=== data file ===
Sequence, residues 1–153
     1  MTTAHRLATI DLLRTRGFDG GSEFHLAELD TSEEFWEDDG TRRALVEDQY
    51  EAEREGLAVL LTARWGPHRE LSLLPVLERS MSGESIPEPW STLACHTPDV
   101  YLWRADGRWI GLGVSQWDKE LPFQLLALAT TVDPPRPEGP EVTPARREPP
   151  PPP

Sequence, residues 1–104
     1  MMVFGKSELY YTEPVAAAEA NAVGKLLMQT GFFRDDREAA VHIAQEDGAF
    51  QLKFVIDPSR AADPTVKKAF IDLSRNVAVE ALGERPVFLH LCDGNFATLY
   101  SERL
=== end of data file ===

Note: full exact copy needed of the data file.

Sequence, residues 1–153
     1  MTTAHRLATI DLLRTRGFDG GSEFHLAELD TSEEFWEDDG TRRALVEDQY
    51  EAEREGLAVL LTARWGPHRE LSLLPVLERS MSGESIPEPW STLACHTPDV
   101  YLWRADGRWI GLGVSQWDKE LPFQLLALAT TVDPPRPEGP EVTPARREPP
   151  PPP

Sequence, residues 1–104
     1  MMVFGKSELY YTEPVAAAEA NAVGKLLMQT GFFRDDREAA VHIAQEDGAF
    51  QLKFVIDPSR AADPTVKKAF IDLSRNVAVE ALGERPVFLH LCDGNFATLY
   101  SERL